Ford Trimotor (oz15176)


Ford Trimotor (oz15176) by Bill Winter 1950 - plan thumbnail

About this Plan

Ford Trimotor. Control line scale model. Wingspan 51 in. For a single .29 - 65 engine.

Quote: "Control-line Ford Trimotor. A 51 inch scale version of the most famous old time transport plane, the Tin Goose. By Bill Winter.

Of all the remembered planes in aviation history, none achieved more lasting fame than the old Ford-Stout Trimotor, or the Tin Goose as it was affectionately called. During the late twenties and early thirties the Ford ruled the airways. Its ability to lift heavy loads in short distances has put the Tin Goose in demand even today for use in tropical air strips hemmed in by jungle.

When the Ford first appeared it was powered by three puny 200 horsepower Wright Whirlwind engines; eventually it was fitted with the more powerful 425 horsepower Pratt & Whitney Wasps, hidden in the then new fangled ring-style cowlings. And, while it spanned 68 feet, the gross load of the early model was only 9,200 pounds, about one-third of what some modern single-engine dive bombers can carry.

Though these figures seem humble today, the early 110 mph Ford made transportation history. Its fame as the first all-metal American transport will always make it dear to model builders.

Our Ford model closely duplicates the original in that it is entirely of wood, doped silver to resemble the all-metal surfaces of the big ship. As a control-line scale model it is unique for the size relative to its power plant. Over 50 inches in span, it will fly realistically on any good .29 engine; the power plant used on the original model is the popular K&B 32. A large engine was avoided so that the appearance around the nose would not be too distorted by the cylinder. To get by with the small engine, the construction was worked out to give great strength with light weight.

MI's Tin Goose will take a beating! What maneuvers would be possible with a .60 we cannot say, except that the light weight and generous wing should make possible quite a few stunts. With the .29 to .32 engines, it is meant for realistic flying.

Small, scale free-wheeling props are fitted to the two nacelles. These may be removed if desired for flying, though the ship will perk with the little props windmilling madly.

The fuselage sides are cut from medium hard 1/8 sheet balsa. Note that it will be necessary to butt joint two sheets to get the necessary width of material. When the sides are cut out, carefully mark off the positions of all bulkheads. Note especially that the portion of the sides from former 2 forward has soft 1/4 in sheet balsa cemented to the inside face (see top view.)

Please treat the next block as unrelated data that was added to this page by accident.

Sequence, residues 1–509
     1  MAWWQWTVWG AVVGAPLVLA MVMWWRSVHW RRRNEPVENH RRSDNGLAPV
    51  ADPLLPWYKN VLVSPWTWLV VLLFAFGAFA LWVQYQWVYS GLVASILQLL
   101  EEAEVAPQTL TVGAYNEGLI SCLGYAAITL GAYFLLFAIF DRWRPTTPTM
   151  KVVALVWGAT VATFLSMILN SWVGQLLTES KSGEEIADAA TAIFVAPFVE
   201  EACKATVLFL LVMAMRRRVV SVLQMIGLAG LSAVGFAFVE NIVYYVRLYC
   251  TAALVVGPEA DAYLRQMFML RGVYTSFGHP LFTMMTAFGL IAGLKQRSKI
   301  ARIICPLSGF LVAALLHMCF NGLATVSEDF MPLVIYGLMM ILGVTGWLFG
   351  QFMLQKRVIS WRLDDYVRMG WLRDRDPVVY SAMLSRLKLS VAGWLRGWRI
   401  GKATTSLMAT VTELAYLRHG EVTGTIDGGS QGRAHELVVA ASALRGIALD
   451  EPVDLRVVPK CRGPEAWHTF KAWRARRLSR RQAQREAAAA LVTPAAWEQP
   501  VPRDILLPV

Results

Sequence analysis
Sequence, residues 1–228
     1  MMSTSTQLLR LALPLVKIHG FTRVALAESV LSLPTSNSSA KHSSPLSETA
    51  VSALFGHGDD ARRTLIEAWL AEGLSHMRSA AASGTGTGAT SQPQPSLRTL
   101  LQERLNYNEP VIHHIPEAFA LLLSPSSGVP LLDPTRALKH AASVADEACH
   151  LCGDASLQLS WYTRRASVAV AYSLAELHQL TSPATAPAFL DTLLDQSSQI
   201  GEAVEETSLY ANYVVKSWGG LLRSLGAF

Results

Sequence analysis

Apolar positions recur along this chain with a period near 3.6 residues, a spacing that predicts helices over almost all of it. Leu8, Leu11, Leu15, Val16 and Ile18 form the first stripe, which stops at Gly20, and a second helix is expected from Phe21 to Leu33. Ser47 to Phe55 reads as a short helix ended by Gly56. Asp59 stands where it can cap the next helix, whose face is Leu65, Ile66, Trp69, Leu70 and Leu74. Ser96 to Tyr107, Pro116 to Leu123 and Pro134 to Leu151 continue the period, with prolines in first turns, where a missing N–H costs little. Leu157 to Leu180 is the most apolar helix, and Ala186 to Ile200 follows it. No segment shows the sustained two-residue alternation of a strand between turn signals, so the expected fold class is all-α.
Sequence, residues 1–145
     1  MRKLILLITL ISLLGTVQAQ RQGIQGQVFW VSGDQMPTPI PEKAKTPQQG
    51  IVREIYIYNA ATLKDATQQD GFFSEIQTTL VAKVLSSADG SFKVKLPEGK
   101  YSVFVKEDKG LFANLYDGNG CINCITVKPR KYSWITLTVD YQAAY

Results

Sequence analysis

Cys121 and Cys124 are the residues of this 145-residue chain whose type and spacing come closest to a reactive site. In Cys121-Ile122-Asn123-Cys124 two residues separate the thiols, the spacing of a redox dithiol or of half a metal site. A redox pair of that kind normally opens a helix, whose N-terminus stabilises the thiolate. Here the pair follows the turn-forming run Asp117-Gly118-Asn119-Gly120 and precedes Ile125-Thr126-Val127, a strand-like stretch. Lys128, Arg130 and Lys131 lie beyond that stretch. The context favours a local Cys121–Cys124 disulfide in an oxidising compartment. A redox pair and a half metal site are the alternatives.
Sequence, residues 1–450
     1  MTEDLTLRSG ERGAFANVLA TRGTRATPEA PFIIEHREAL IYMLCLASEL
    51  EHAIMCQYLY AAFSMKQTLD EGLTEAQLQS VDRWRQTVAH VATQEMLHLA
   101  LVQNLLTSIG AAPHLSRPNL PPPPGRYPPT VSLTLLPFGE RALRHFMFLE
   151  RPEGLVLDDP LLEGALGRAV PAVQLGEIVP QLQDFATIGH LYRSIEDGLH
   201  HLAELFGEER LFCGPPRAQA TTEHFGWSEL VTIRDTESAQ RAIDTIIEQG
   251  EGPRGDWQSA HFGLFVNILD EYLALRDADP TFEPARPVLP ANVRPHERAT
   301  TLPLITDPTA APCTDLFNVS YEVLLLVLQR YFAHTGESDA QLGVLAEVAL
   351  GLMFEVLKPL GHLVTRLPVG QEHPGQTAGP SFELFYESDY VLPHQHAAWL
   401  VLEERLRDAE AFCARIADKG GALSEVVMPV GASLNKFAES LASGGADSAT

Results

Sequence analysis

Begin assembly by cementing in place formers 2, 4 and 5. Note that former 2 consists of two plies of 1/8 sheet balsa and one plywood, on the front face, of 1/16 plywood. This former is cut out to take the motor mounts and for a slot to permit movement of the bellcrank. Assemble former 1 from 1/8 ply and 1/4 in sheet balsa, as seen on top and side views. After cementing this former in position slide the 3/8 x 1/2 in hardwood mounts into place. Install former 3.

The fuel tank is located on the mounts and is flush against the back of former 1. Build in the bellcrank and then construct the wire portion of the landing gear. The three-inch Veco bell-crank mounts on a sandwich formed of two plies of 1/8 plywood and a 1/4 in filling of sheet balsa, the whole being cemented snugly between the mounts. Attach both 1/16 wire leads (1/16 wire) and pushrod to the bellcrank, permitting the leads to stick out the portside windows..."

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Ford Trimotor (oz15176) by Bill Winter 1950 - model pic

  • (oz15176)
    Ford Trimotor
    by Bill Winter
    from Mechanix Illustrated
    June 1950 
    51in span
    Scale IC C/L Multi
    clean :)
    all formers complete :)
    got article :)
  • Submitted: 09/02/2024
    Filesize: 2448KB
    Format: • PDFbitmap
    Credit*: dfritzke
    Downloads: 378

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